Harassment allegedly continued in the form of both physical and mental altercations in which Pace would continuously harass Roth to the point that Roth claims he had several panic attacks. In September 2012, Roth filed for stress leave and used his own built up time to take a leave of absence.

In the Summer of 2013, Pace was re-promoted to Sergeant and in March Deputy Roth filed a formal complaint with the Department of Fair Employment and Housing and received a "Right to Sue Letter."

On May 1, 2013, Roth received his first evaluation in five years and received good reviews and excelled in all requirements.

In October 2013, Roth was placed in a quarterly range training schedule with Pace. Upon notification, Deputy Roth immediately emailed the county and asked to be placed into a different group showing clear acknowledgment that there was a formal problem between the two.

Salvador said because of the nature of the case and the sensitivity he was unable to make any comments but in a article in the Madera Tribune was quoted saying he did everything he was trained to do when investigating the case.

"I did what I was supposed to do Salvador said. "And as Sheriff I'll do what were supposed to do and hold people to the same high standard that I already expect."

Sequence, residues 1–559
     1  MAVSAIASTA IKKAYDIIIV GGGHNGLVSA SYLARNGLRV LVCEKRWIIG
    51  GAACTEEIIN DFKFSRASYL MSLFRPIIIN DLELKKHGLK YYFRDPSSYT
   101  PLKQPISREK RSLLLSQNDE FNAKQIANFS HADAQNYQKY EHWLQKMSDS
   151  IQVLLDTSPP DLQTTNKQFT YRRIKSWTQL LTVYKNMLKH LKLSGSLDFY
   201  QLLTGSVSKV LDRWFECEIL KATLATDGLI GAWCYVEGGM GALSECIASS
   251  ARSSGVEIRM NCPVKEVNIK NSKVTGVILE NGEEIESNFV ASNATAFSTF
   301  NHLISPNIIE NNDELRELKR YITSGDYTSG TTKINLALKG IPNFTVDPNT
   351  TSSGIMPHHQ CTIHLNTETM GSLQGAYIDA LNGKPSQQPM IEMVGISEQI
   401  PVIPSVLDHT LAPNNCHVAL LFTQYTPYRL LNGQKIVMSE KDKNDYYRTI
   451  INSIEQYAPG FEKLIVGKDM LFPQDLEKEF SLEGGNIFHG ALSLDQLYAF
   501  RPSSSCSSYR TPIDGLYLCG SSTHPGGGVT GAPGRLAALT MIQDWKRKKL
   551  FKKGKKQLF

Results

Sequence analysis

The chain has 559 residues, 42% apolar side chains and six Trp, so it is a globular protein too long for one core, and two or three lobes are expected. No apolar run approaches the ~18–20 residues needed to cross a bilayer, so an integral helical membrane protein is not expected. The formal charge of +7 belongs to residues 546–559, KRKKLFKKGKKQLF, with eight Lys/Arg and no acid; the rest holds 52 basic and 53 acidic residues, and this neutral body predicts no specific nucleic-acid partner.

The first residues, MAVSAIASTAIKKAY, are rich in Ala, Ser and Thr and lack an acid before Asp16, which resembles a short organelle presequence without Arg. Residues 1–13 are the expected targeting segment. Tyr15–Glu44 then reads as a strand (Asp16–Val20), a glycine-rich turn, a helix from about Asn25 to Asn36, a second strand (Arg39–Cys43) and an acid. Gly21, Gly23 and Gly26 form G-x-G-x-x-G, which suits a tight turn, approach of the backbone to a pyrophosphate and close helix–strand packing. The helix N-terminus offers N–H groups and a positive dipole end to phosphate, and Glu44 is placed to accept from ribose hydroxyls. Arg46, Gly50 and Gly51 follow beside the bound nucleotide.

Bohm, said he handles many government whistle blowing cases in government, but cases involving peace officers are the most challenging because you are accusing those who swore to protect and serve of doing things that conflict with the credo to protect and serve.

"The lack of administrative effort and oversight to address these issues is appalling," Bohm said. "I have heard nothing from the county in regards to resolving the case."

Bohm made it clear that his client wants nothing more than justice and hopes those who should will be held responsible for their actions.

"One of the things that Mr. Roth wants out of this case is someone to take responsibility and change," Bohm said. "The most effective instrument for bringing about change is public disgrace. It's not that he wants to disgrace the department but their actions are disgraceful."

The first settlement conference is scheduled for July 2015. Meanwhile, both Roth and Pace remain employees of the Madera County Sheriff's Office.